Breaking the Cycle of Crisis Care
In the U.S., suicide is the 2nd leading cause of death among children and adolescents ages 10-24, and the 3rd leading cause of death among 12-year-olds.
In Colorado, the rate of teen suicide increased by 58% in 3 years, making it the cause of 1 in 5 adolescent deaths.
Amid this growing youth mental health crisis, there exists a troubling cycle of crisis care:
- Child presents at ER with severe behavioral health symptoms (suicide attempt, cutting/self-harm, overdose, etc.)
- Patient is assessed by ER physician, admits to acute inpatient stabilization, either a medical floor or a psychiatric unit (depending on their more prominent symptoms)
- When patient is deemed stable, they are discharged into outpatient care
- Patient lacks sufficient support, containment and intervention in outpatient setting (at home with family, who may or may not be supportive), continues to suffer from persistent and underlying psychiatric, medical, psychological and dietary issues
- Symptoms intensify
- The patient experiences another crisis episode
- Patient presents at ER with severe behavioral health symptoms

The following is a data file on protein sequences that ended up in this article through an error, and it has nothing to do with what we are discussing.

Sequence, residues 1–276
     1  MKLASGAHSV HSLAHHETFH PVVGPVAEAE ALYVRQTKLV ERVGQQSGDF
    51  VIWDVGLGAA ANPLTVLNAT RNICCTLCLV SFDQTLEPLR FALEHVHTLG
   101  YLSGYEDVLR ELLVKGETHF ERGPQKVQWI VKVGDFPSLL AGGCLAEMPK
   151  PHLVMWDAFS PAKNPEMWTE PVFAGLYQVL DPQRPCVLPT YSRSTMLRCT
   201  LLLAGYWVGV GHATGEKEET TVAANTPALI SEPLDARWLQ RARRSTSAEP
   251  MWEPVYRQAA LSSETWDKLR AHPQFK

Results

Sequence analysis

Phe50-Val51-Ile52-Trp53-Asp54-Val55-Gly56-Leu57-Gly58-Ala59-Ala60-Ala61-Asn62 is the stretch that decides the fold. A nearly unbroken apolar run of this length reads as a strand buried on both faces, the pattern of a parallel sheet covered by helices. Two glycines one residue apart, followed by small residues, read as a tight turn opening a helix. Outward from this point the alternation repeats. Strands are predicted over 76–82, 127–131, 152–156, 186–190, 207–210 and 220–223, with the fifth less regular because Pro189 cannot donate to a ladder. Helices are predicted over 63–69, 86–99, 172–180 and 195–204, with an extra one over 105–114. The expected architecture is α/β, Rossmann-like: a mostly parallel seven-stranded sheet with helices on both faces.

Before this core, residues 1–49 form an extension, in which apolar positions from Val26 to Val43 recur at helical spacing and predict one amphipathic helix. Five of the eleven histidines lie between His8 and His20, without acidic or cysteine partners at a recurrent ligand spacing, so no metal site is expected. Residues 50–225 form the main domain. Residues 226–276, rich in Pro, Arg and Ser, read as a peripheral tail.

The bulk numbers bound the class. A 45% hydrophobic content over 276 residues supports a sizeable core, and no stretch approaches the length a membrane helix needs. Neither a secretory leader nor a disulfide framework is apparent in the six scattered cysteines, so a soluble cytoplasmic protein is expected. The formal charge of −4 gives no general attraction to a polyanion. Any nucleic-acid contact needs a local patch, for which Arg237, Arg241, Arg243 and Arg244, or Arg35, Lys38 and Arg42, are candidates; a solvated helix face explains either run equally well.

And so on.
For families touched by serious eating, mood or anxiety disorders, this cycle of crisis care is agonizing. It excludes behavioral health treatment at higher levels of care— 24-hour residential care and day treatment/partial hospital programs—wherein the foundations of recovery take place: intensive therapy, skill building/practice, physical health restoration and monitoring, family involvement and gradual transition back into daily life.
Higher levels of care adequately address psychiatric, medical, psychological, nutritional and social issues contributing to these dangerous crisis episodes. Additionally, these programs provide concurrent treatment for co-occurring medical issues, substance abuse, mood disorders, anxiety disorders and trauma.
“Delivery of therapy, education and skill development is far more efficient in higher levels of care. The same behavior change achieved in just eight weeks of intensive, multidisciplinary treatment might take years to deliver across weekly outpatient appointments. Given the mental health challenges facing our kids today—specifically the startling increase in suicide planning, attempts and deaths—families can’t afford to wait and hope for the best.”- Elizabeth Easton, PsyD, CEDS, Managing Clinical Director Colorado.
Help is available for young patients and families stuck in the cycle of crisis care. ERC and Insight’s Residential and Partial Hospitalization Programs are covered by most insurance plans. Multidisciplinary teams skillfully intervene with medical stabilization, psychiatric management, intensive therapy and skills training. When patients and families return to their outpatient providers, they are engaged, and prepared to continue the recovery journey.